Our programme thrives on evidence-base, and we have recently implemented the EMS GBT technology into our training, giving graduates a solid foundation prior to commencing in their career. As the world changes around us, I look forward to guiding new students in becoming the therapists of tomorrow.
Increasing role for dental therapists
While calls to employ more dental therapists – in a bid to help tackle the backlog of patients waiting for appointments – are still being considered by the Scottish Government, in England, the NHS has begun the process of reforming the dental contract.
Earlier this year, Professor Phil Taylor, Dean of the Faculty of Dental Surgery at the Royal College of Surgeons of Edinburgh, said that employing greater numbers of dental therapists would provide much-needed support to the profession.
Under changes announced in July, NHS dentists in England will be paid more for treating complex cases, such as people who need three fillings or more. Dental therapists will also be able to accept patients for NHS treatments, providing fillings, sealants and preventative care for adults and children, which will free up dentists’ time for urgent and complex cases.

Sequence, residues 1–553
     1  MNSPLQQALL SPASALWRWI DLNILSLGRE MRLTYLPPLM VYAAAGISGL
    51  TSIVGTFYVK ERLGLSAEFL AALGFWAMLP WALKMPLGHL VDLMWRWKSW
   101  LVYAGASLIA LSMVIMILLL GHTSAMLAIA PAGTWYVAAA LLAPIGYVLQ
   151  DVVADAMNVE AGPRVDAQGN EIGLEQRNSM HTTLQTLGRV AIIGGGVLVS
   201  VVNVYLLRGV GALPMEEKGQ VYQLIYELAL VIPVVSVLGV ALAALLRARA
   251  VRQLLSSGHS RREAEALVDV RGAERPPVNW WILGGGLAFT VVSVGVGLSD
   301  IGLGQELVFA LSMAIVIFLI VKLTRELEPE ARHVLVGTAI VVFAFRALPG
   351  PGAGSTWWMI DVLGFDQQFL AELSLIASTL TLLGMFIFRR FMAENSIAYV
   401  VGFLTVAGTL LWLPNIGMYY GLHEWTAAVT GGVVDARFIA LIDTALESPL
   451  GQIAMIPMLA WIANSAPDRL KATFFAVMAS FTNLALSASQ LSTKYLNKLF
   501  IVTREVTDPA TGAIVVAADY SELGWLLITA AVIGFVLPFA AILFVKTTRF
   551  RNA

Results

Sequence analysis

Debbie Hemington, President of The British Association of Dental Therapists, said: “The British Association of Dental Therapists are pleased that the full skill set of DCPs has been acknowledged and welcomes these initial reforms to the NHS dental contract, and we particularly look forward to working with NHS England to clarify how skill mix and direct access in NHS practice can be utilised.”
Diane Rochford, President of the British Society of Dental Hygiene and Therapy (BSDHT), added: “I welcome the initial phase of changes to the contract for general dental services in England. The focus on access to care for patients and the implementation of the wider dental team providing care within their full scope of practice is essential to assist in reducing oral health inequalities. BSDHT look forward to the next phase of work for dental contract reform.”
Hassan Shariff is a clinical and academic teaching fellow for the University of the Highlands and Islands.